If They Resisted, Would Not You Have Done The Same?
Go from South Africa to the mountains of Central Asia. Go into the lofty hills of Afghanistan, as they were last winter, and what do we there see? I fear a yet sadder sight than was to be seen in the land of the Zulus. It is true that with respect to the operations of the war in Afghanistan you have seen none but official accounts, or hardly any but official accounts; and many of the facts belonging to that war have not been brought under the general notice of the British public. I think that a great misfortune. I know that it may be necessary and wise under certain circumstances to restrain what might be the injudicious and exaggerated, and therefore the dangerous communications that might proceed from irresponsible persons. At the same time, I deeply regret that we were not more fully informed of the proceedings of the war in Afghanistan, especially as we must bear in mind that our army is composed in great Part of a soldiery not British, and not under Christian obligations and restraints.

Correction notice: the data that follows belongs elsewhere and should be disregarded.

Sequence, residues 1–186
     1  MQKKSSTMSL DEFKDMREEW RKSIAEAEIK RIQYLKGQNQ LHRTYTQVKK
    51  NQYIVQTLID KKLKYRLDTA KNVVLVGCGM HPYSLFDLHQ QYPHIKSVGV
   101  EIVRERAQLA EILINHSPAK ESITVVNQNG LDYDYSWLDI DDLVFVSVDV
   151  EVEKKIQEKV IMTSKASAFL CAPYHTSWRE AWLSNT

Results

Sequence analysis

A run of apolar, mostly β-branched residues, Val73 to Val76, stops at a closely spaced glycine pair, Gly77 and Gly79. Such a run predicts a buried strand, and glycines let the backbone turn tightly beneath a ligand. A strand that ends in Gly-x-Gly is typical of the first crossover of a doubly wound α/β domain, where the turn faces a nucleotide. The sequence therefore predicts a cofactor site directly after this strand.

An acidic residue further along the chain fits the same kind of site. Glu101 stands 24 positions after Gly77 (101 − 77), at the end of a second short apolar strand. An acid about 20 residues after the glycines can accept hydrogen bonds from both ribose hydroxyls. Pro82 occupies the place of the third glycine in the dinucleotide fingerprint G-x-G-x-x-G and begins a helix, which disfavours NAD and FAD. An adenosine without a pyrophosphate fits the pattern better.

What we know is this, that our gallant troops have been called upon to ascend to an elevation of many thousand feet, and to operate in the winter months I am going back to a period of nine or twelve months amidst the snows of winter. We know that that was done for the most part not strictly in the territory of Afghanistan proper, but in its border lands, inhabited by hill tribes who enjoy more or less of political independence, and do not own a regular allegiance to the Afghan ruler. You have seen during last winter from time to time that from such and such a village attacks had been made upon the British forces, and that in consequence the village had been burned. Have you ever reflected on the meaning of these words? Do not suppose that I am pronouncing a censure, for I am not, either upon the military commanders or upon those who acted subject to their orders. But I am trying to point out the responsibility of the terrible consequences that follow upon such operations. Those hill tribes had committed no real offence against us. We, in the pursuit of our political objects, chose to establish military positions in their country. If they resisted, would not you have done the same? And when, going forth from their villages they had resisted, what you find is this, that those who went forth were slain, and that the village was burned. Again I say, have you considered the meaning of these words? The meaning of the burning of the village is, that the women and the children were driven forth to perish in the snows of winter. Is not that a terrible supposition? Is not that a fact for such, I fear, it must be reckoned to be which does appeal to your hearts as women, which does lay a special hold and make a special claim upon your interest, which does rouse in you a sentiment of horror and grief, to think that the name of England, under no political necessity, but for a war as frivolous as ever was waged in the history of man, should be associated with consequences such as these?